Reduction in muscle fibre number during the adaptive radiation of notothenioid fishes: a phylogenetic perspective

The fish fauna of the continental shelf of the Southern Ocean is dominated by a single sub-order of Perciformes, the Notothenioidei, which have unusually large diameter skeletal muscle fibres. We tested the hypothesis that in fast myotomal muscle a high maximum fibre diameter (FDmax) was related to a reduction in the number of muscle fibres present at the end of the recruitment phase of growth. We also hypothesized that the maximum fibre number (FNmax) would be negatively related to body size, and that both body size and size-corrected FNmax would show phylogenetic signal (tendency for related species to resemble each other). Finally, we estimated ancestral values for body size and FNmax. A molecular phylogeny was constructed using 12S mitochondrial rRNA sequences. A total of 16 species were studied from the Beagle Channel, Tierra del Fuego (5–11°C), Shag Rocks, South Georgia (0.5–4°C), and Adelaide Island, Antarctic Peninsula (–1.5 to 0.5°C). The absence of muscle fibres of less than 10·mm diameter was used as the criterion for the cessation of fibre recruitment. FDmax increased linearly with standard length (SL), reaching 500–650·mm in most species. Maximum body size was a highly significant predictor of species variation in FNmax, and both body size and size-corrected FNmax showed highly significant phylogenetic signal (P<0.001). Estimates of trait values atnodes of the maximum likelihood phylogenetic tree were consistent with a progressive reduction in fibre number during part of the notothenioid radiation, perhaps serving to reduce basal energy requirements to compensate for the additional energetic costs of antifreeze production. For example, FNmax in Chaenocephalus aceratus (12·700±300, mean ± S.E.M., N=18) was only 7.7% of the value found in Eleginops maclovinus (164·000±4100, N=17), which reaches a similar maximum length (85·cm). Postembryonic muscle fibre recruitment in teleost fish normally involves stratified followed by mosaic hyperplasia. No evidence for this final phase of growth was found in two of the most derived families (Channichthyidae and Harpagiferidae). The divergence of the notothenioids in Antarctica after the formation of the Antarctic Polar Front and more recent dispersal north would explain the high maximum diameter and low fibre number in the derived sub-Antarctic notothenioids. These characteristics of notothenioids may well restrict their upper thermal tolerance, particularly for Champsocephalus esox and similar Channichthyids that lack respiratory pigments.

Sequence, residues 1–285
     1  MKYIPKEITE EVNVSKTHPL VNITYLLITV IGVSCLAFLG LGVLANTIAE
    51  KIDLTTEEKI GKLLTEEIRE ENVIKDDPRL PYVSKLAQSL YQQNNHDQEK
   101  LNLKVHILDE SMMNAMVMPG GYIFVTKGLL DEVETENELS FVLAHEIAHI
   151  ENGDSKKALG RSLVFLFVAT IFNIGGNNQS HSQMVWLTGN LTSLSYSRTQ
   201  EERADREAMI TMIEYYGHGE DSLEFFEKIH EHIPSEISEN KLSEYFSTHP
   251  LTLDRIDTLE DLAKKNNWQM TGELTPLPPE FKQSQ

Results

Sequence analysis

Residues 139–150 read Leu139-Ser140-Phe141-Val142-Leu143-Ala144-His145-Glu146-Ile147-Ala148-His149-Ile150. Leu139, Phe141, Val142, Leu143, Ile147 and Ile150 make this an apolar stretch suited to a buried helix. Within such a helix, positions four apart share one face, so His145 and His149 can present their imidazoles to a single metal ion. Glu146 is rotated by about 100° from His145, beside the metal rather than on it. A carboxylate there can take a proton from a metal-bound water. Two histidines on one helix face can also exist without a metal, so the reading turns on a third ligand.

Publication status:
Authors: Johnston, Ian A., Fernández, Daniel A., Calvo, Jorge, Vieira, Vera L.A., North, Anthony W., Abercromby, Marguerite, Garland, Theodore

1 January, 2003
Journal of Experimental Biology / 206
Link to published article: